When the government shut down the hospital, some of the patients ended up homeless and others in group homes. Similarly, a number of people released from the forensic hospital stay in town.
Not everyone who attends the church is dealing with a disability. And yet everyone is helped in their walk of faith.
“We have a real mixture of people who come here,” said Fellinger. “By being where we are, we have an opportunity to engage with them. We see that God is really working here.”
The people who come to Destination Church stand, hold hands, and worship as God’s family on Sunday mornings. They use the church as a drop-in center, sitting at tables and sipping coffee during the week. They stop by on Thursday nights for Stone Soup dinner, a meal in which people donate food that is included in the soup.They also work in the community garden, serve as greeters, and go through leadership training classes.
Who are these people and how do they serve? Here are a few of them:
Sam’s* parents both died during a six-week period in 2016.
When he started attending Destination, Sam was very passive, perhaps because he has an intellectual disability and had never been welcomed to serve at previous churches he attended.
“Then Destination started asking him to do simple things, like getting a coffee for someone else,” said Fellinger. As he handled these responsibilities, they asked him to do more.
“Sam is part of hospitality team and volunteers on a daily basis. He reads Scripture in services, helps in Sunday school, does drama with drama team,” said Fellinger.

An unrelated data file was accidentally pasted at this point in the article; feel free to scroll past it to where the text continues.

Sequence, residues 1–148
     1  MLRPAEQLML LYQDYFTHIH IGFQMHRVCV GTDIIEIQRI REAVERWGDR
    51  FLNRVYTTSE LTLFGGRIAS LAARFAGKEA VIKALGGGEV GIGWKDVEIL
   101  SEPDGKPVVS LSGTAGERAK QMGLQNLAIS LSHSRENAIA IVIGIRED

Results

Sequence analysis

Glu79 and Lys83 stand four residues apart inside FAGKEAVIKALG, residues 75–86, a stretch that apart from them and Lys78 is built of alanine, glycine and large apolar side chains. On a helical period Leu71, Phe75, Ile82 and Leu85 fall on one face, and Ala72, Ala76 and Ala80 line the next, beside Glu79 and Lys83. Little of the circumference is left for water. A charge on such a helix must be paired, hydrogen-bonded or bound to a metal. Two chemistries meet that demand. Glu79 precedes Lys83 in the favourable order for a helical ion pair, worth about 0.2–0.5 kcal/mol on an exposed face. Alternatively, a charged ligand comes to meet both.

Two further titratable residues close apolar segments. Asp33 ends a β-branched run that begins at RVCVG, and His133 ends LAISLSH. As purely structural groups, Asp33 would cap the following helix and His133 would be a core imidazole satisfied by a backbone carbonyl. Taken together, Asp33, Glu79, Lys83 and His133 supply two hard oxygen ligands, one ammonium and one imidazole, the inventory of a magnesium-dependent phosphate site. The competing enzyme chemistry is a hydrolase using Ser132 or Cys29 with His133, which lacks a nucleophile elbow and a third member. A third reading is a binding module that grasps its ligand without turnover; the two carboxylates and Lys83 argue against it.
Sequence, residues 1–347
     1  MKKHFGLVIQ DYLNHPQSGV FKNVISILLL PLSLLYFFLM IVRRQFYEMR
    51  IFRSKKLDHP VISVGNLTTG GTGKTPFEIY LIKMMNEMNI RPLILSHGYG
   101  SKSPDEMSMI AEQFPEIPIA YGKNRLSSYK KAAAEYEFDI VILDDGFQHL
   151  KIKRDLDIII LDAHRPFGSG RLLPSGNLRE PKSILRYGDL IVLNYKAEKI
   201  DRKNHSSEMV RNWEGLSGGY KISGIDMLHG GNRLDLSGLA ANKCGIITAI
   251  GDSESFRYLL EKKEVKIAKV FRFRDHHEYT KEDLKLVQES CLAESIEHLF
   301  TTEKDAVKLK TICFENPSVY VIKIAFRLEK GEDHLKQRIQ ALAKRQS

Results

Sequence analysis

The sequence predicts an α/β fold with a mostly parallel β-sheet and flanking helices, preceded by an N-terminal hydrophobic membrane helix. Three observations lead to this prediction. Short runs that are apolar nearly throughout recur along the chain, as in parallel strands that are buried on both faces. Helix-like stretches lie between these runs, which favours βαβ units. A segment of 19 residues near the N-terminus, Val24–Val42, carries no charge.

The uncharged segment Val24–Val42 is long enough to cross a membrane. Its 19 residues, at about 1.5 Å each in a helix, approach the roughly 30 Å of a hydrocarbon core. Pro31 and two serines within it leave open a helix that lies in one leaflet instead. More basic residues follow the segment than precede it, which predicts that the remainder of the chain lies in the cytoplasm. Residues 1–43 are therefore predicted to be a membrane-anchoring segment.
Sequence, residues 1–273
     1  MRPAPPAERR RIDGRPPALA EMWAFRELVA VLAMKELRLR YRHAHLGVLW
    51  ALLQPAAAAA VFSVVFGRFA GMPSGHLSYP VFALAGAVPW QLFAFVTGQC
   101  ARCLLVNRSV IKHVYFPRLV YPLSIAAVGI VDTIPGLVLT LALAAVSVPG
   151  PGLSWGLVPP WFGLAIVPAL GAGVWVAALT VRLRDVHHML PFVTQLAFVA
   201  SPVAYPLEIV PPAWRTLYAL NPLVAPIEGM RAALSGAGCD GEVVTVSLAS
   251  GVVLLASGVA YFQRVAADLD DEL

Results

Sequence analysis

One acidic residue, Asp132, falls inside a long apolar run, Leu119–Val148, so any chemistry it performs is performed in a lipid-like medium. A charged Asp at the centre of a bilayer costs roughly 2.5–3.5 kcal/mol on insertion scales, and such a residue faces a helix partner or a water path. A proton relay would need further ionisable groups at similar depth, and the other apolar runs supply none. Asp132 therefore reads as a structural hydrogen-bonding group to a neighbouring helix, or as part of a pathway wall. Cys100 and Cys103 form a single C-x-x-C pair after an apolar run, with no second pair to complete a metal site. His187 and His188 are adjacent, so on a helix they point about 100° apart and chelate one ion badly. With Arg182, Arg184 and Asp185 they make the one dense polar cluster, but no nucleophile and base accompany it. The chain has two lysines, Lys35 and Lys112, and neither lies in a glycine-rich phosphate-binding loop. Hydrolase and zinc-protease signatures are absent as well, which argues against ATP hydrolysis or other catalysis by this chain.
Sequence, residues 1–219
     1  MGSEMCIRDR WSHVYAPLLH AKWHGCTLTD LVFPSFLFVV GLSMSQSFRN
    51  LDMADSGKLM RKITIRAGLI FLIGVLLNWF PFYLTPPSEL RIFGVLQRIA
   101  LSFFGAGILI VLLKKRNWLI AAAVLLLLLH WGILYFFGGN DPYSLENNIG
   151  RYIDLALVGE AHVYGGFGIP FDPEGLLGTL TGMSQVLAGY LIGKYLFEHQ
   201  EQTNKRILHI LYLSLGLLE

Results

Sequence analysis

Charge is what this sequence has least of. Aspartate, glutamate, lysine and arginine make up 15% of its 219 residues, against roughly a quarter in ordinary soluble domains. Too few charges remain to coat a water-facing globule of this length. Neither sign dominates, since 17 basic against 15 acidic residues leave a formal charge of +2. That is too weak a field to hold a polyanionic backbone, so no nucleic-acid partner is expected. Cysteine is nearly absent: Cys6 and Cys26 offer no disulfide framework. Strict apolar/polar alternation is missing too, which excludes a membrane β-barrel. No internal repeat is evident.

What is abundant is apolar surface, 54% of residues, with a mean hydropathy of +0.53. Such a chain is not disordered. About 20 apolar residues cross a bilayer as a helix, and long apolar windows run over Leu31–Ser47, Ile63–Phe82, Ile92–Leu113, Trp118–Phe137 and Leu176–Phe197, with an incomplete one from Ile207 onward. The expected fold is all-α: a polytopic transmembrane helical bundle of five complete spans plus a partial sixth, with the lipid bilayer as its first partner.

Sam is a good example of how Destination seeks to enfold people into the fellowship.
When someone comes to Destination, said Fellinger, the church makes no pre-judgments about what a person can or cannot do. They do not look first at their disabilities or other challenges but instead focus on how each person is gifted.
“We work to discover where people’s gifts are, and have a conversation with them about what they believe their gifts are, and give them the opportunity to try,” she said.
Rebecca Anderson got connected to Destination about seven years ago, not long after the church was begun with the support of Resonate Global Mission. She learned of Destination through a friend and showed up.
“I instantly felt comfortable,” she recalled. One memory especially stuck with her.
“When I first attended, my children were young and were not always willing to sit quietly. I remember one of the members smiled at me and my children and told me to take a breath—they are children—and I did and relaxed and was really able to take in the service.”